As a sophomore, she was a key part of one of the best Bonnies teams in program history, starting every game and putting her ability to create for teammates on display with 120 assists, most for a Bonnies player in a decade.

In 2015-16, Bona went undefeated, 16-0, on home court, 24-8 overall and won 16 games in a row during the season to earn votes in the AP Top 25. After being a "bubble team," the Bonnies were rewarded with a bid to the NCAA Tournament where they knocked off Oklahoma State in the first round.

"I remember when we lost at UMass we thought we lost our chances. Then we beat Duquesne and GW at home," she said of that season. "Then getting into the tournament, we had no idea we were going to get in. It was the most exciting experience. We found out we were in on Monday, left on Wednesday. The atmosphere on campus was amazing. Then to win our first round game, that was the most incredible atmosphere."

Even during that NCAA Tournament run, classes were at the forefront of her focus.

"The professors were amazing. When we went to the round of 32, I had two labs due that week and I didn't know if I could get them done," she remembers. "My professors worked with me to make sure I got it done. I love everyone in the chemistry department. I know if I ever need anything, the people here will be there for me."

After the season, with the departure of four seniors following by a new coaching staff coming in when head coach Jim Crowley left for an opportunity at Providence, Ruff was thrown into a leadership role. And though she had the chance to leave with other programs ready to show interest, there was too much at her Bonaventure home that she would be leaving behind.

"From the get-go everyone turned to me like what are we going to do," she remembers of that summer. "I had an amazing group of friends here. The faculty and staff in the chemistry department are all great. The relationship everyone has at Bonaventure to support each other, I didn't want to leave all that. Bonaventure is family; it's just a great place. The people here want to be here and they make you feel special. Those are the things that kept me here."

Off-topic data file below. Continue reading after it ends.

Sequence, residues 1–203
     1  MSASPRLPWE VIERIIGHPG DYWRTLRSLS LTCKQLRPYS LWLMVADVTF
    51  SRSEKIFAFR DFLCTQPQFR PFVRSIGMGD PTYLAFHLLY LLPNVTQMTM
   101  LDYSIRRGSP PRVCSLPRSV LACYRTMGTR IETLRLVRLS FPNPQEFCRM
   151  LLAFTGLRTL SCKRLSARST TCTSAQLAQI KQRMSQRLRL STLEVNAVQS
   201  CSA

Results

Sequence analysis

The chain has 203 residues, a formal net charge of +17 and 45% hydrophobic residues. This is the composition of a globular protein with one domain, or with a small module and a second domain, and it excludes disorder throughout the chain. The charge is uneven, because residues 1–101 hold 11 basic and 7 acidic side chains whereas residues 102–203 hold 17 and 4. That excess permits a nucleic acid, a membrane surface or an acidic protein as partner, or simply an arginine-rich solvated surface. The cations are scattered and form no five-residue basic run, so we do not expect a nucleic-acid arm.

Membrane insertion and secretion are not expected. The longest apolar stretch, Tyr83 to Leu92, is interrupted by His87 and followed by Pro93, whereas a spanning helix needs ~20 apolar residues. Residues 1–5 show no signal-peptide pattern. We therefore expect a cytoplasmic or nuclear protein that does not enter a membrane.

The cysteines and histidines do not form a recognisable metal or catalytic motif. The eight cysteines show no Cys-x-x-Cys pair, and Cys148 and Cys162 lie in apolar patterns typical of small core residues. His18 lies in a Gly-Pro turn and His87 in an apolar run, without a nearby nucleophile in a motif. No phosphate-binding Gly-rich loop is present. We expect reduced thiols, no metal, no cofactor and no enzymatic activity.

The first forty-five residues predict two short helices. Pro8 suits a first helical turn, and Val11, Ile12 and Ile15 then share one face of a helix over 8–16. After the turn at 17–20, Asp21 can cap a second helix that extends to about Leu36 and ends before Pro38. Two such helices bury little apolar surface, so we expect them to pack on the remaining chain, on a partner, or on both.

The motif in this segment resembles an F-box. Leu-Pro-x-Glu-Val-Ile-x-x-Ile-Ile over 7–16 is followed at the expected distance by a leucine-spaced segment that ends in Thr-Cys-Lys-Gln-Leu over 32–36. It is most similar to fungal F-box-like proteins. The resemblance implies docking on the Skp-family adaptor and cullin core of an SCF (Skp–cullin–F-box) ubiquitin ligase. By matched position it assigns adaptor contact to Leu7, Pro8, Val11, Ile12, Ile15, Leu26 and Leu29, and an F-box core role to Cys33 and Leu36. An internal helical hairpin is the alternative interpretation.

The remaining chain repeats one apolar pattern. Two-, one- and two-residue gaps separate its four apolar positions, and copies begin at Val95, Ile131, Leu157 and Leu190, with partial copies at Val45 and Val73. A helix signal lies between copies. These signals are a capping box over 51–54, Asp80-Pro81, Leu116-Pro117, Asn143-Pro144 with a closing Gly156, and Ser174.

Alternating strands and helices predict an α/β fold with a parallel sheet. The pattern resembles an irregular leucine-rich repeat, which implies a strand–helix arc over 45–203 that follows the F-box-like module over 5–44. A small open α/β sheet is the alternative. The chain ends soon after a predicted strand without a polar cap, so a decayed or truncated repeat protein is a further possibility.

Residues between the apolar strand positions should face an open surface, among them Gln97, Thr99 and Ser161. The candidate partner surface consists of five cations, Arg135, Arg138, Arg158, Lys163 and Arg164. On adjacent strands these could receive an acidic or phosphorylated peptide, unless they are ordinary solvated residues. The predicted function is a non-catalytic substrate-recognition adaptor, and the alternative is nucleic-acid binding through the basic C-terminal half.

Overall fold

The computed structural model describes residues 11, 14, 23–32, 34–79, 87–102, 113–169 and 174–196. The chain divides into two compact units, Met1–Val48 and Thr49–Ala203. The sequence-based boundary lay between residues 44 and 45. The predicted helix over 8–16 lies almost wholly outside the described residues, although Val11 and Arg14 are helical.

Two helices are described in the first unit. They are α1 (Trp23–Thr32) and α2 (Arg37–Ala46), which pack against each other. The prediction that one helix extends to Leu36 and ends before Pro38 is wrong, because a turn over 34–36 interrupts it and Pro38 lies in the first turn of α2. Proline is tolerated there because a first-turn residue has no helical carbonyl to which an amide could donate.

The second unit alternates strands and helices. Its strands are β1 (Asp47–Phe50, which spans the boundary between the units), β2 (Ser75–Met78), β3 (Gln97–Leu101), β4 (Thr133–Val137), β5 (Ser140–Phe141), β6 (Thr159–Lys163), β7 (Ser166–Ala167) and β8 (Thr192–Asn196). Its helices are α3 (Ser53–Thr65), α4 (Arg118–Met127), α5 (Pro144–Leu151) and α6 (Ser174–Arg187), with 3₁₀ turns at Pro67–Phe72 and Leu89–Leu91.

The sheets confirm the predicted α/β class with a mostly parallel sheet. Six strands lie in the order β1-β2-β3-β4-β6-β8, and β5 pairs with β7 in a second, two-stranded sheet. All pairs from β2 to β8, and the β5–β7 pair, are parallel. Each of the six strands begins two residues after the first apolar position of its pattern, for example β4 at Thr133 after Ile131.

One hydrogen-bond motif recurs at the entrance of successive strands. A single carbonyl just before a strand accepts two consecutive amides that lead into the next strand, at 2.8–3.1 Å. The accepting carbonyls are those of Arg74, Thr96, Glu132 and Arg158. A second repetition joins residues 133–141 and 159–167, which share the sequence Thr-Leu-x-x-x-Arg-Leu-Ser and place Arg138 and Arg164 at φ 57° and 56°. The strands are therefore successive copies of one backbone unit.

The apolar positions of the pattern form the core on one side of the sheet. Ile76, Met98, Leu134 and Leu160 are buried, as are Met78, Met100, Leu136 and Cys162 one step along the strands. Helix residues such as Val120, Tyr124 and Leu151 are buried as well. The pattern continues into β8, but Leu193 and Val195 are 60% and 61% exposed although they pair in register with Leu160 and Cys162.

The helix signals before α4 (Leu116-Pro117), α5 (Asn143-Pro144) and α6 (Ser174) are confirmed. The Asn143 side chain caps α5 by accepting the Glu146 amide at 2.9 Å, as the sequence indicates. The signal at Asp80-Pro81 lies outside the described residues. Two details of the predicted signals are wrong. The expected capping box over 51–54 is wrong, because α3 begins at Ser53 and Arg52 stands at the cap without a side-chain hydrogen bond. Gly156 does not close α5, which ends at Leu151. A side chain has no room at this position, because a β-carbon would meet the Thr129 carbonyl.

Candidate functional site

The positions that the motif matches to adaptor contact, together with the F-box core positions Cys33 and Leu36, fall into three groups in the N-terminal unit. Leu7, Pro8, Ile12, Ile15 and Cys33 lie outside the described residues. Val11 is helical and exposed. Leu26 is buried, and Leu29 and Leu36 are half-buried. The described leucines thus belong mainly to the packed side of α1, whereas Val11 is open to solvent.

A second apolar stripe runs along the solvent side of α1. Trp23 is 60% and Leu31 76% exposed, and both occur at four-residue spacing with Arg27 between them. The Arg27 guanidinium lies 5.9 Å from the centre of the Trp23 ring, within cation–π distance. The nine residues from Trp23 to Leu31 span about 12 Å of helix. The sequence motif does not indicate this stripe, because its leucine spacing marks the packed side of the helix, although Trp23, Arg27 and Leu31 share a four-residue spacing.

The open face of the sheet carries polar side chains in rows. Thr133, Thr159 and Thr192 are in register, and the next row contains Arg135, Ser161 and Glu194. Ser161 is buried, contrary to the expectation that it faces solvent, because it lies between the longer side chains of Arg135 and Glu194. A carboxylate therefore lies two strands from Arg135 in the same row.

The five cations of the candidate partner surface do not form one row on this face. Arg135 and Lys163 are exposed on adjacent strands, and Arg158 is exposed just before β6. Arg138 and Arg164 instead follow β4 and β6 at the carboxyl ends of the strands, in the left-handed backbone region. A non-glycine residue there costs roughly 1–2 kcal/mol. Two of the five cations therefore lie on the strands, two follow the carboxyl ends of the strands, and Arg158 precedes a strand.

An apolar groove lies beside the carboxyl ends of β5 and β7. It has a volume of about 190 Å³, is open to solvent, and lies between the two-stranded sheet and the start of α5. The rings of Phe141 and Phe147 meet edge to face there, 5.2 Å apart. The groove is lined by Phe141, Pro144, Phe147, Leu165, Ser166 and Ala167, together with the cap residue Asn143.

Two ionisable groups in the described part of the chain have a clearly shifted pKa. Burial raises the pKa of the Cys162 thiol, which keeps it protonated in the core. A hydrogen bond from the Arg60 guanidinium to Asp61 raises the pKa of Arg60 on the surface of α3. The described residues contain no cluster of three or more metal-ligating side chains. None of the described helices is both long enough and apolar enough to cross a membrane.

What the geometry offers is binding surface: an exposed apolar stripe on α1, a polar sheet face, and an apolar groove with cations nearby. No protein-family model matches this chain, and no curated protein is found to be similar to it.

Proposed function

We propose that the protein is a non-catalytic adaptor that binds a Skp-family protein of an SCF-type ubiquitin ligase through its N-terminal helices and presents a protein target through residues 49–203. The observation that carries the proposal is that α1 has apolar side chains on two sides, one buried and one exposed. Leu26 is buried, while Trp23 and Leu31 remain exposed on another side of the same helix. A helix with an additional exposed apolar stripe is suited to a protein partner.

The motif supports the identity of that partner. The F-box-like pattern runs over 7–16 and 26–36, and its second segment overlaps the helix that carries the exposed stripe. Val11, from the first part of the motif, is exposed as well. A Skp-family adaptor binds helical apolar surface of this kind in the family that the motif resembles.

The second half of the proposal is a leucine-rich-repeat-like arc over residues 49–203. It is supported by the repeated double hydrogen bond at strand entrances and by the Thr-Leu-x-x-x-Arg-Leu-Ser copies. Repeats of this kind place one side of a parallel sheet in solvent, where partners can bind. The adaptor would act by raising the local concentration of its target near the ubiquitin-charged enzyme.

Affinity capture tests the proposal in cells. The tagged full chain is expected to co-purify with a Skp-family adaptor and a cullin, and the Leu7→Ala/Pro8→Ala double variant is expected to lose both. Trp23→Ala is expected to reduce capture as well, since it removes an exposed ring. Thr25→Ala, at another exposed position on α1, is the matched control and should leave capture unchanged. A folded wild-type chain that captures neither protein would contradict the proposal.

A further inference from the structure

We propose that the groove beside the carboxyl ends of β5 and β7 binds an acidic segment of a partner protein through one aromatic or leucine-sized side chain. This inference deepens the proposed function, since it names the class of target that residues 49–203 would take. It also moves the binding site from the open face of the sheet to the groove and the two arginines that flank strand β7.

Over the past two seasons, Ruff has been the unquestioned leader of a young roster. She has ranked atop the A-10 in scoring and assists while often putting on a show for fans with her passing and playmaking skills for teammates around her, not just lighting up the scoreboard herself.

In each of the past three seasons, she has dished out over 100 assists, including a career-high 138 this season. She's the first Bonnies player have that many assists in three straight seasons since Suzie Dailer did so from 1992-95.

But all the talk about numbers and just how good she has been over the past four years – those aren't topics that really interest Ruff. She'll leave that for everyone else.

"I don't think about all the numbers," she says. "As long as I give everything I have, I can walk away knowing I did the best I could do."

The numbers – and the eye test – say she has scored A's across the board.